The Physical Side of Great CEOs
As I often teach leaders, when we tune our perceptive filters to notice certain things, those things just seem to pop out all over. I have to own up to my own perceptive filters being well-tuned to see examples of the FEBI energy patterns at work. No surprise, then, that when I read the May-June Harvard Business Review cover story on what Great CEO’s Do Differently, the patterns jumped out at me again. Based on a 10-year study of nearly 1000 CEO’s from virtually all industry sectors, here are the 4 behaviors that set the most successful CEO’s apart, annotated through a pattern lens: (1) deciding with speed and conviction (Driver), (2) engaging stakeholders (Collaborator), (3) adapting proactively (Visionary), and (4) delivering reliably (Organizer).
So, what does this study add to our understanding of the energy patterns and what do the energy patterns add to this study? To the first question, I appreciate how this study teases out the subset of behaviors in each pattern that are most critical to CEO success, while at the same time demonstrating that all 4 are required. For example, the Driver’s speedy decisiveness is important, but not speed per se. The Visionary’s adaptiveness is critical, but not necessarily their imagination or future-orientation. On the Organizer side, we see that reliable delivery is crucial, and the authors point out how a whopping 94% of the successful CEO’s in their study were strong in follow-through. But other Organizer behaviors, such as project planning or process orientation are not as important. And the Collaborator’s ability to engage stands out, but not necessarily their orientation to fun or teamwork.
As for what the energy patterns add to this study, the answer is simple: a way to action it. The patterns give leaders a way to self-regulate their behaviors and authentically bring out the critical behaviors not just associated with their strongest patterns, but the critical behaviors from their weaker patterns as well. The authors make the point that it’s rare for successful leaders to excel at all 4 behaviors, however they found that about half of the strongest CEOs did distinguish themselves in at least two of the behaviors, which would likely correspond in FEBI-speak to behaviors associated with their primary style (i.e., combination of their two strongest patterns). But the authors also concluded that “when leaders who aspire to the CEO’s office…deliberately develop [all 4] behaviors, they dramatically raise the odds that they’ll become high-performing chief executives.” So, for example, if an aspiring CEO is already strong in Driver, Organizer and Visionary energies, but weaker in Collaborator, it’s a good bet that impactful engagement is likely to be their weakest of the 4 essential behaviors. Intentionally cultivating Collaborator energy will help them engage in a way that truly brings others along.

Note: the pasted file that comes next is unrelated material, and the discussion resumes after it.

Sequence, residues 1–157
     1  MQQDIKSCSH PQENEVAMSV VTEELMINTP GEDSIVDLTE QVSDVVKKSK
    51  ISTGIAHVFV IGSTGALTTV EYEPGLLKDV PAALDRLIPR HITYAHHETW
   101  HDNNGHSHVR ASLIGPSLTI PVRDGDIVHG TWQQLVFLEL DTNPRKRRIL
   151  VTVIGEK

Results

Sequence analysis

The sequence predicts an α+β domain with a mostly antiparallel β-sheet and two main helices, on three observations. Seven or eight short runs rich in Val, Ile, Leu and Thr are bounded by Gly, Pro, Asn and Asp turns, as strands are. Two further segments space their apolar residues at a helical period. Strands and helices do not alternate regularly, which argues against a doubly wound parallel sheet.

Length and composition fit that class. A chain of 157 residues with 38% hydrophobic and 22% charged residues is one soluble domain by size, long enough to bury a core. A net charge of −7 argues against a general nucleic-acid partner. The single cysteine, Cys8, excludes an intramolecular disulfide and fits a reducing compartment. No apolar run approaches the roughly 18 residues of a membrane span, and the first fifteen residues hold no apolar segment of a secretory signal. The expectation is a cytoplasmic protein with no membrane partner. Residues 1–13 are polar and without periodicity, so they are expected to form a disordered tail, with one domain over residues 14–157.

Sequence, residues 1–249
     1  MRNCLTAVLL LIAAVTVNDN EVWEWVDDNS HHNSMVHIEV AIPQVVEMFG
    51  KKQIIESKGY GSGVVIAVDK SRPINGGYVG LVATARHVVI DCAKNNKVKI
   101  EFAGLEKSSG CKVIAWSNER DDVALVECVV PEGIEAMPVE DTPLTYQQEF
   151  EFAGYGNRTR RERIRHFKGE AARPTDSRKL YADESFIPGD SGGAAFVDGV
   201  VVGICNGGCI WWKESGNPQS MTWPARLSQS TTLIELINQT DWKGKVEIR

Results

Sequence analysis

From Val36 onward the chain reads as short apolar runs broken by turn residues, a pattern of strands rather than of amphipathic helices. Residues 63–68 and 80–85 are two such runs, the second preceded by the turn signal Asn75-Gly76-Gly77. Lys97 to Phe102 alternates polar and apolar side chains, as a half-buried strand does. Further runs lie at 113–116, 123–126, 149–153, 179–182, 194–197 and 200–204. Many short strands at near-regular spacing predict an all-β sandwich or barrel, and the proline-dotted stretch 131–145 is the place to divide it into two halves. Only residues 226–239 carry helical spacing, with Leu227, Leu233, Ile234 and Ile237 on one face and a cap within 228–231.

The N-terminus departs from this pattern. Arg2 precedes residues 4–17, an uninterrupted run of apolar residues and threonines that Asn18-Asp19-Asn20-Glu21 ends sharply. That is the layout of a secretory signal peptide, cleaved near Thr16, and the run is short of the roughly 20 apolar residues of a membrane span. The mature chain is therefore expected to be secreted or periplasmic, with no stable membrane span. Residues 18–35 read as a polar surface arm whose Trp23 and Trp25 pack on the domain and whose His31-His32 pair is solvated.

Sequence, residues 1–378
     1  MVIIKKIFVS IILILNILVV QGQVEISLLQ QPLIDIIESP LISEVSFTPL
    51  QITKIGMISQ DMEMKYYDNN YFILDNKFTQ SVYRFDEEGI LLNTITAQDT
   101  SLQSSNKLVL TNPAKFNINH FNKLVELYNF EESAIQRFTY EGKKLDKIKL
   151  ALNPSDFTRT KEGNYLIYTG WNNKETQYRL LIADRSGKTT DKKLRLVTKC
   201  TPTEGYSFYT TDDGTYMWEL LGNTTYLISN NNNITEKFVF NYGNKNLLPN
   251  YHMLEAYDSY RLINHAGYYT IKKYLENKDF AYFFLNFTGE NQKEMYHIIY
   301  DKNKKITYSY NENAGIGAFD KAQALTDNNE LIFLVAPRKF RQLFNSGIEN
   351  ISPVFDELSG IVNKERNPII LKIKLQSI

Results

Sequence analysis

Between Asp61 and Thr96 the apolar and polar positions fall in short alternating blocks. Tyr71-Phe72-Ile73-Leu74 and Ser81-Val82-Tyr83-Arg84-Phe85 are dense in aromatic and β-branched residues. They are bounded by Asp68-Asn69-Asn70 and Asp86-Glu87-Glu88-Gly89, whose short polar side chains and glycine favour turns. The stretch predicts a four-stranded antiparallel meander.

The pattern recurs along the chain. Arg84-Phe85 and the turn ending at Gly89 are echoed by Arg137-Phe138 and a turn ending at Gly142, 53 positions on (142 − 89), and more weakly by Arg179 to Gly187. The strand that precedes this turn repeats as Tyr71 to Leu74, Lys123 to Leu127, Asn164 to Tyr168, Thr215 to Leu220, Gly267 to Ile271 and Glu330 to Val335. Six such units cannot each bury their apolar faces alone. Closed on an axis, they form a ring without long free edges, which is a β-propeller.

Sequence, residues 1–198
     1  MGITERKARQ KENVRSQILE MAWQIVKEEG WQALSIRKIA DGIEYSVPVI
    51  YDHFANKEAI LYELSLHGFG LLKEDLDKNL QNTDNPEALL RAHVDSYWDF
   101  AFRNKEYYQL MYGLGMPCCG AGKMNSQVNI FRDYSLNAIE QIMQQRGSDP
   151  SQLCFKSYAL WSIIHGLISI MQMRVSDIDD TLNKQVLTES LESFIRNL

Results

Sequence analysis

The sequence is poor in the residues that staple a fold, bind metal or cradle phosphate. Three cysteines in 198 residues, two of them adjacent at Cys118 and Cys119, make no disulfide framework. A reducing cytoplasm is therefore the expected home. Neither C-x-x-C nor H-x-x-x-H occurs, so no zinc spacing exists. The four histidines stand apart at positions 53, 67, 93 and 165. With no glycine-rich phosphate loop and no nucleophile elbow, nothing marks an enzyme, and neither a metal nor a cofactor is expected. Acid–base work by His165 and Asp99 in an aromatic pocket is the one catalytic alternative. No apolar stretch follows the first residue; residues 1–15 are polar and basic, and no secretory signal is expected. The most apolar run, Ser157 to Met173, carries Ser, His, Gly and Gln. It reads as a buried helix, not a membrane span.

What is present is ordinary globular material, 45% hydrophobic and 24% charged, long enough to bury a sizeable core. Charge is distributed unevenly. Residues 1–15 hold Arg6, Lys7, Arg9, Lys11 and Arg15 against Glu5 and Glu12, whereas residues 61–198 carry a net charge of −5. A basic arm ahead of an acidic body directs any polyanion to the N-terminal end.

Another contribution the energy patterns make to this HBR study is a reminder that behaviors emerge from the leader as a whole person – mind, body and emotions functioning together. Behaviors don’t just pop out of thin air or get manufactured on the surface. The authors speak to the importance facial expressions and body language in CEO communication, and how the effects of even subtle gestures get magnified in the organization. They also argue that composure is a job requirement; more than 75% of the strong CEOs in their sample were calm under pressure. While the authors would acknowledge such qualities as positive body language or being calm under pressure involve the physical body, they don’t leverage this connection. What we know from FEBI or, for that matter, Zen training, martial arts or a whole host of physical activities, is that by working with the body in specific ways, such desirable qualities or behaviors can be trained and self-cultivated.
If you’re an aspiring CEO, a coach to aspiring CEOs, or just want to be successful from wherever you lead, and this way of developing through the body and energy intrigues you, some of the upcoming opportunities to experience this approach follow, or contact us with your request.
For coaches and learning professionals: FEBI certification. Summer is a great time to get FEBI certified. Things tend to slow down a bit and you can go at your own pace through this e-learning program. FEBI provides you with a structured process to help move and grow leaders in those key areas discussed above. Discover what energy agility and working with the body can do for you and your clients. Get started at www.febiassessment.com/certified.
Institute for Zen Leadership: energy patterns and physical training are core to our approach to helping leaders become more resilient, agile, centered and successful. Upcoming programs include:
ASIA: Contact: firstname.lastname@example.org for information and registration for these programs in Vietnam
• July 22-23, Zen Leadership 1 – Transforming Self, Transforming Challenges, Hanoi, Vietnam
• July 27-28, Zen Leadership 1 – Transforming Self, Transforming Challenges, HCMC, Vietnam
• July 29-30, Zen Leadership 2 – Leading Fearlessly, Transforming Relationships, HCMC, Vietnam
US: Zen Leadership 2 – Leading Fearlessly, Transforming Relationships (for graduates of foundational program or equivalent experience)
• September 7-10, 2017 (almost full)
• February 22-25, 2018
Zen Leadership 1 – Transforming Self, Transforming Challenges April 19-22, 2018
For Physicians and Healthcare Leaders: HEAL: Healthy Embodied Agile Leadership, Oct 26-29, 2017 at the Spring Green Dojo, WI, taught by a team of physician leaders, Zen teachers and leadership experts. Qualifies for CME.